Here we go again. Yet another well-known religious figure made another attention-grabbing “prediction” about the so-called rapture and the end of the world. And once again, he was wrong. The amazing thing about Harold Camping is that this is the second time he was wrong. In 1992, he predicted the world would end in 1994 (although he did make room for error and suggested 2011 could be the year).
CNN posted an article about the financial status of Camping’s Family Radio. The donations have poured in to the tune of $80 million between 2005 and 2009. Not bad for an old retired civil engineer who has struck out twice on predicting the apocalypse.
Unfortunately, this isn’t the first time someone has grabbed at fifteen minutes of fame with a bold (but wrong) prediction about the end of times. History is filled with movements large and small who thought they had the inside track to Jesus’ return. Untold thousands have sold all their possessions and quit their jobs because of the phony predictions.
Here in America alone, we experience the Great Disappointment of 1844 (from which the Seventh Day Adventists emerged). The Jehovah’s Witnesses predicted Jesus would return in 1914. When he didn’t, they simply changed their stance and said he really did return… but invisibly. Apparently, he’s hanging out in Pittsburgh.
Saturday’s colossal eschatological goof isn’t the first. It won’t be the last.
A Black Eye
As a Christian, I honestly get a little angry when someone makes one of these thick-skulled predictions. Why?
- They make Christianity look stupid. When guys with a pulpit use that pulpit to make stupid predictions, it gives people who don’t follow Jesus yet another reason to keep Him at arm’s length.
- They ignore Jesus’ own words. Jesus himself said that no one knows when He’ll return. And yet, a nut case with an audience will pop up every now and again saying he’s figured it out when Jesus himself said no one would.
- They cost naive believers everything. Every time some religious prognosticator comes out with a new chart predicting Jesus’ return, he gathers a following of people who ignorantly give up everything because they believe so blindly in the prediction. And who gets it? The religious prognosticator. And do you think they give refunds?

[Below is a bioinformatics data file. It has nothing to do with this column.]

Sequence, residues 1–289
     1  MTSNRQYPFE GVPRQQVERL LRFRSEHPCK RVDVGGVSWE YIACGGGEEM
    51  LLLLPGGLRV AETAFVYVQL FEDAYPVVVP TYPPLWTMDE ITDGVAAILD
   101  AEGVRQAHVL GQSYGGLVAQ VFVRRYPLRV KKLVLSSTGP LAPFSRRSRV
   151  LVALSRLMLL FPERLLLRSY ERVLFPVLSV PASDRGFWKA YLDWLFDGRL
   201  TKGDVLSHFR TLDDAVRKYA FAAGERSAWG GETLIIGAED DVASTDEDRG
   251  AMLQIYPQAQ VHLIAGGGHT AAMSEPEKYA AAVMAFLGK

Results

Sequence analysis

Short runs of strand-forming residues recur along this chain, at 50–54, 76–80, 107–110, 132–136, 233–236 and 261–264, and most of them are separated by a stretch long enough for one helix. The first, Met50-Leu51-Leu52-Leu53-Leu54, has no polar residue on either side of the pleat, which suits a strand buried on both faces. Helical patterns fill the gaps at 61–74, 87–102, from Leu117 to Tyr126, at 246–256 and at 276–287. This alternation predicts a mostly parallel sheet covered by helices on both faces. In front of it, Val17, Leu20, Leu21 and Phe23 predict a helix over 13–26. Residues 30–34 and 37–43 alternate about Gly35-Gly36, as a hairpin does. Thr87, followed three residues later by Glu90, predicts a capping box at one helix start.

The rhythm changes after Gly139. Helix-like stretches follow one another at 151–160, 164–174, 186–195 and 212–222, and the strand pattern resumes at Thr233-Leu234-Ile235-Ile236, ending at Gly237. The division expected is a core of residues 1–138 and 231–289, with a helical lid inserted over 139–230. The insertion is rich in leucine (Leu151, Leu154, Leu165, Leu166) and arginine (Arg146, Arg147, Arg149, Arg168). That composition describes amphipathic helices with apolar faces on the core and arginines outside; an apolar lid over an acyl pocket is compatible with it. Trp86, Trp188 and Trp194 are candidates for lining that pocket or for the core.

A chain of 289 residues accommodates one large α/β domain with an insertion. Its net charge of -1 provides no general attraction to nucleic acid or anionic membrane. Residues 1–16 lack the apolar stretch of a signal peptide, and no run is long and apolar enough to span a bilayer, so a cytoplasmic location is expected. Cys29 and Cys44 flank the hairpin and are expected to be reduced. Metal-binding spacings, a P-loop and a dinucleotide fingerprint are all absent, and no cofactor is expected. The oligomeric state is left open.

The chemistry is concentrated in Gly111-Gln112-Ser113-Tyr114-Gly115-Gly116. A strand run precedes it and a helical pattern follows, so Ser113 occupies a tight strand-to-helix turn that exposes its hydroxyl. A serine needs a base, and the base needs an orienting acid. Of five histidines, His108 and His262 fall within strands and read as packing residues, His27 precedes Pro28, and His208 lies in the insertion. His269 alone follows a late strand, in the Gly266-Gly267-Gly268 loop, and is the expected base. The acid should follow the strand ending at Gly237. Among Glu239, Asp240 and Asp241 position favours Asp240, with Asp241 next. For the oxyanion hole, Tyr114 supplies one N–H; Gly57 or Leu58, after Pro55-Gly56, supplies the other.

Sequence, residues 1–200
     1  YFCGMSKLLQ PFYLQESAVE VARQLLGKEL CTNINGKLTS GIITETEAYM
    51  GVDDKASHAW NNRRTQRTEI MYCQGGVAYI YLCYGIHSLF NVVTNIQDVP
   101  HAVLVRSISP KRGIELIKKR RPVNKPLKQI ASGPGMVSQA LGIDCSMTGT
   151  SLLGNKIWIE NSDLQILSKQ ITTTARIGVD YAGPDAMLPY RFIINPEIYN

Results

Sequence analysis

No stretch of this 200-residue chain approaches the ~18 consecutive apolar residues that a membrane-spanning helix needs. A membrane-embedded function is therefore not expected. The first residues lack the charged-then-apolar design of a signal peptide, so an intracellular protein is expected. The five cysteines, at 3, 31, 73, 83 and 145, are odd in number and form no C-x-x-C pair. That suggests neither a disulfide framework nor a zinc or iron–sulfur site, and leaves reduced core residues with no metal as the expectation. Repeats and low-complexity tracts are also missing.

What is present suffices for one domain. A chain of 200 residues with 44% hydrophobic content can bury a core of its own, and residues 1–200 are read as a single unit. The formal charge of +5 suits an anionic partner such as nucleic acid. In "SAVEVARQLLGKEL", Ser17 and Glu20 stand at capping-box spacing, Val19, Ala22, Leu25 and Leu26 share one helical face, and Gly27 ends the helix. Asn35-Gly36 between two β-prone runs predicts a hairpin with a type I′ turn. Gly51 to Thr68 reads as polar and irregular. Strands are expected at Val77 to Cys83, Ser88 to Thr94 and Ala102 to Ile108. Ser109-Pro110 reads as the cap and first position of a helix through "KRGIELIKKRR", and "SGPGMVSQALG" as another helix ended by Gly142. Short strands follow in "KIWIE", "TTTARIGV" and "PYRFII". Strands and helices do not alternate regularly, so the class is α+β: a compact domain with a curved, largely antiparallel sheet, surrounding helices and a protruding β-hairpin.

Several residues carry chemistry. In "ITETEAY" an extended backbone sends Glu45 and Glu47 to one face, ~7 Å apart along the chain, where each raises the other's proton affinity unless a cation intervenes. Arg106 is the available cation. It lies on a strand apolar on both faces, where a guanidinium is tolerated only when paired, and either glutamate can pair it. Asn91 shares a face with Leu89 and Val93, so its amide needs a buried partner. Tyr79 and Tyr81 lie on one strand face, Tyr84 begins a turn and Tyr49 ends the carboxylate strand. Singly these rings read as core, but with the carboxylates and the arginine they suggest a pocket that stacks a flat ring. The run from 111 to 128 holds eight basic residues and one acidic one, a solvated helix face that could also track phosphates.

If a guy states he knows when Jesus is coming back and has a chart to prove it, run away. Run far away.
Too Heavenly Minded as to be No Earthly Good
As a Christian, I do believe in the return of Jesus. I also, however, believe that people who get so focused on the hereafter often make themselves irrelevant here and now. The Bible reminds Christians to live out our faith in practical, tangible ways now. Why? Because the kingdom of God is not just coming, it’s also here. And Christians are to be change agents for the kingdom.
So instead of making charts and quoting Revelation, Christians should be looking forward to Christ’s return by living out their faith now by serving others in His name. I happen to have the greatest job in the world – as a hospice chaplain, I get to be Jesus to people who are staring eternity in the face. My family is looking at how we can do more in our city and world. Simple acts of kindness in Jesus’ name do more to help people experience the love of God more than any end-time chart or Kirk Cameron movie. By living out my faith in Jesus now, I’ll be ready for his return, no matter when it is.
If all this end-times brouhaha interests you…
Richard Kyle’s book The Last Days are Here Again is an excellent overview of apocalyptic thinking over the last two thousand years. It’s a little dated, but gives a great survey of end-times movements since the time of Jesus. Unfortunately, it’s out of print, but Amazon has sellers who are peddling used copies.
The comments have been turned off for this post. Don’t worry. You’ll get to join the conversation tomorrow.